So what really is leadership? Offer us your views…

Readers of The Conservation Leader blog have an opportunity to participate in a major survey examining which aspects of leadership are most important and influential in successful leadership.

If you wish to participate in the survey, which is led by the Durrell Institute of Conservation and Ecology and the School of Psychology at the University of Kent, UK. The survey is anonymous and confidential and entirely voluntary. To find out more go to the landing page at this link (see below), where you are able to give your consent to participate before you commit to completing the questionnaire and also prior to final submission of your answers. We hope that you are able to contribute.

You can access the survey here: Conservation Leadership Survey

Thanks for your participation.

Simon Black (Durrell Institute of Conservation and Ecology)

Matching capability with purpose

Simon Black –

Any team needs to deliver the work that achieves its purpose. Getting people up to the right level of ability is important. This capability covers skills, awareness of the work, clarity on the goals and a sense of purpose that enables (i) prioritisation of effort, (ii) decision making and (iii) problem solving.


A recent study in Mauritius by Stebbings et al (2016) identified that operational teams made up of significant numbers of new starters (e.g. seasonal volunteers or incoming professionals) found that those new colleagues only achieved the desired level of performance part-way through the peak breeding seasons for working with endangered birds.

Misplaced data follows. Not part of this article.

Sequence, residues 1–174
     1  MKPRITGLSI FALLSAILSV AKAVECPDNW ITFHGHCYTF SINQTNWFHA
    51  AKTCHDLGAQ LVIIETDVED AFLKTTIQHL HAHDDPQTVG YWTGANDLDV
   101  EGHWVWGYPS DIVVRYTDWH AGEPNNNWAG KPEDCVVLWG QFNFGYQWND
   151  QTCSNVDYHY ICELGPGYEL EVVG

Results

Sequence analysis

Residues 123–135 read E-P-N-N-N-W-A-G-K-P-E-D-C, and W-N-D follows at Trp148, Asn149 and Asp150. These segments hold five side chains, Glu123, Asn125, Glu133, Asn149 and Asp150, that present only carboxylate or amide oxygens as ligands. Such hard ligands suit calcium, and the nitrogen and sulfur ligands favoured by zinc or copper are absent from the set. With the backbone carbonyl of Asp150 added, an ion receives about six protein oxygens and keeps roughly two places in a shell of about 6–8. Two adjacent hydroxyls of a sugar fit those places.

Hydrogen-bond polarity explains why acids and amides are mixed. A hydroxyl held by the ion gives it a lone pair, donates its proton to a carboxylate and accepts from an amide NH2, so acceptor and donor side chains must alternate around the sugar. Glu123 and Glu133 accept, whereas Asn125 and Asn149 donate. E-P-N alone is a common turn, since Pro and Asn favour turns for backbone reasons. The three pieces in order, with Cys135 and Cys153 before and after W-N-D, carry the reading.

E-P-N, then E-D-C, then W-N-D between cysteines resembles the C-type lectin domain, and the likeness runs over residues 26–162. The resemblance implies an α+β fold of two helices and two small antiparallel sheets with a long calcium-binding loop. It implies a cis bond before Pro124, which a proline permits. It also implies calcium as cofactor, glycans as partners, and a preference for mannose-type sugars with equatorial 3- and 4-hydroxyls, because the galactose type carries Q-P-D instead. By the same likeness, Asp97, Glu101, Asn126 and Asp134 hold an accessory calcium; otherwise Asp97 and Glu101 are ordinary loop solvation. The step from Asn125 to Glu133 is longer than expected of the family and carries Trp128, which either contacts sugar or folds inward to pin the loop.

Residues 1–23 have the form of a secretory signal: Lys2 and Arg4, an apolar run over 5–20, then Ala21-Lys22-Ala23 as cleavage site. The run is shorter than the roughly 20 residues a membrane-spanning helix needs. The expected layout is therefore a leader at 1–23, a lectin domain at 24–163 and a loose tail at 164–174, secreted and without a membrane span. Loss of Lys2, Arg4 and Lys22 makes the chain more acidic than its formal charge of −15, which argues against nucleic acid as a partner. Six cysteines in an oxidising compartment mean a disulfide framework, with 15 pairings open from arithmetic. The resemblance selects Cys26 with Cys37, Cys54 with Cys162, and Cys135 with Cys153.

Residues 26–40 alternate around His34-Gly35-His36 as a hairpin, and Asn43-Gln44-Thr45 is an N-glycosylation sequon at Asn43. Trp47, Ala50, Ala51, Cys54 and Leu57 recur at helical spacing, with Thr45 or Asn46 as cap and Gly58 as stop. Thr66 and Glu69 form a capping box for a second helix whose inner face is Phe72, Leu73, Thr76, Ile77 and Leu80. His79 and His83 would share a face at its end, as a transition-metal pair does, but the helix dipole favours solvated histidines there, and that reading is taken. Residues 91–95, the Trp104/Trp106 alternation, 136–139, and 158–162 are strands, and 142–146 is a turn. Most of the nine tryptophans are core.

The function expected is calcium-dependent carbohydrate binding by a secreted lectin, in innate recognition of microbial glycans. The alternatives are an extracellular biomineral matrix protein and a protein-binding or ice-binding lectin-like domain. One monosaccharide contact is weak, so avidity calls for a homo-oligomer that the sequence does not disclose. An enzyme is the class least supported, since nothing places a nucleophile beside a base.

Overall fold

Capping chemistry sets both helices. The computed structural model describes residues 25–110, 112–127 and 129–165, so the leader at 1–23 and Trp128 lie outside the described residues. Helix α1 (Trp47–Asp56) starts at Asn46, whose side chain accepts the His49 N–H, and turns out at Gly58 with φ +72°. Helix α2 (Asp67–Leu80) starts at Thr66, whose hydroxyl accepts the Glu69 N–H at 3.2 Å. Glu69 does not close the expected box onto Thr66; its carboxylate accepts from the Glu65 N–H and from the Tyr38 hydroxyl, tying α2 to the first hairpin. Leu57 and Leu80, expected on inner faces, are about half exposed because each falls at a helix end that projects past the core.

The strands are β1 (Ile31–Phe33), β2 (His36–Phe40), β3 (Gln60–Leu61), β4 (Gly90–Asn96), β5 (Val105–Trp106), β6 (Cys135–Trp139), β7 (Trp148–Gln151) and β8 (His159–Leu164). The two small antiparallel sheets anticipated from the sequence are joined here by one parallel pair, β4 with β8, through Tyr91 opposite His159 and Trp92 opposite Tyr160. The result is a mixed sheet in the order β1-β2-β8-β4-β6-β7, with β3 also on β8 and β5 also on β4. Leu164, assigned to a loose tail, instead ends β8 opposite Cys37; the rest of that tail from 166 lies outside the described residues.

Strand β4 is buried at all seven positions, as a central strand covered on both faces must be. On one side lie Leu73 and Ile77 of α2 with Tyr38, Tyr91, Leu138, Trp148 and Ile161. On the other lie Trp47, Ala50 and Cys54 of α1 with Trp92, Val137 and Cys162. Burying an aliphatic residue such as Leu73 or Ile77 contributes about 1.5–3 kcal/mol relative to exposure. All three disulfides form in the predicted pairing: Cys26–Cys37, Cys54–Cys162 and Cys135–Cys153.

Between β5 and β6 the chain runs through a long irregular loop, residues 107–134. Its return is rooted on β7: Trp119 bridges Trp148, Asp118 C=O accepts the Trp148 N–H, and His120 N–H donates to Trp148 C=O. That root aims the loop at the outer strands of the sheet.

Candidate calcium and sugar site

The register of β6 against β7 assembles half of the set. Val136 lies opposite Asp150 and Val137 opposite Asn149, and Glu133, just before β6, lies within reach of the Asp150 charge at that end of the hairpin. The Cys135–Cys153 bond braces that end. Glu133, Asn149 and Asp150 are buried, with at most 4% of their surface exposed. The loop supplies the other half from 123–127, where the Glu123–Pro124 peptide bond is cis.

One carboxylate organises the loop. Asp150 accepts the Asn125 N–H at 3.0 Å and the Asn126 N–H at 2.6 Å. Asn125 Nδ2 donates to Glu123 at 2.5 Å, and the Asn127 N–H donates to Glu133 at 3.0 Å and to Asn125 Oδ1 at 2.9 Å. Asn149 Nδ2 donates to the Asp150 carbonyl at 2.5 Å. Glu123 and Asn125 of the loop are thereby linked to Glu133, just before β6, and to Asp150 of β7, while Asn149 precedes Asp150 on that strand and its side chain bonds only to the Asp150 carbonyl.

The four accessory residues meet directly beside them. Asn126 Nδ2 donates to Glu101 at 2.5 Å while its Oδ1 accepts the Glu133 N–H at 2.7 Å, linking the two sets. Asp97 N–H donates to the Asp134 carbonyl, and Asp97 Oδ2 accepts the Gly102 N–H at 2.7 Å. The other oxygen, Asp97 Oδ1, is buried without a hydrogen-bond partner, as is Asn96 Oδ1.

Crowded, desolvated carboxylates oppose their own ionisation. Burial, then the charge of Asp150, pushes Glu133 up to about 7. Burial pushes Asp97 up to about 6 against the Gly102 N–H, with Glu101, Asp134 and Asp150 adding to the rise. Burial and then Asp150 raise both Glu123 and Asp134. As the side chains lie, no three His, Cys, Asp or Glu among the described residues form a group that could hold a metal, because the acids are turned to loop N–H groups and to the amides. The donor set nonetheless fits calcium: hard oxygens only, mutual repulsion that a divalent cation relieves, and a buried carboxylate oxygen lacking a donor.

The arrangement for taking on new staff was historical and fitted a plan of when people would be at their busiest. However this study showed that taking people on earlier and training them to a higher level would make them more productive at the busiest times.


Stebbings, E. , Copsey, J. , Tatayah, V. , Black, S. , Zuël, N. and Ferriere, C. (2016) Applying Systems Thinking and Logic Models to Evaluate Effectiveness in Wildlife Conservation. Open Journal of Leadership, 5, 70-83. doi:10.4236/ojl.2016.53007.

Consequences of over-management: total cost

It is not often that we get a chance to observe the consequences of management. In this stark case below we consider resourcing.

Insightful satire on resourcing by Erik Meijaard (click to enlarge to full size)

Of course whilst the example given above is ‘tongue in cheek, the message is not – why do we design funding and resourcing in a way that constrains the use of that very resource or constrains the direction and type of work that a programme undertakes?

Clearly the funders set the rules and we as project leaders may have no inflience over those rules. Instead we have an alternative consideration – is it worth our while to chase funding that will constrain or distract us from our work?

The only way we can look at this is to consider the concept of Total Cost. Is the total cost of following a path worth the short term advantage of taking the resource (or work) on? It is similar to considering making savings when building a house. If we cut corners now, will the house be functional or safe in the future – short term gain versus long term pain.

Starting with little, to achieve something great

In conservation we are working in the business of change. We want to improve the situation for a species, or remove threats, or recover a landscape, or enable humans to co-exist  with a sustainable natural environment.

As humans within human society and as biologists working with species and ecosystems we need to recognise that change is not a cause-effect process. Instead we should think of it as an emergent property – an outcome of many interventions and interactions with the things we are concerned about and their wider environment.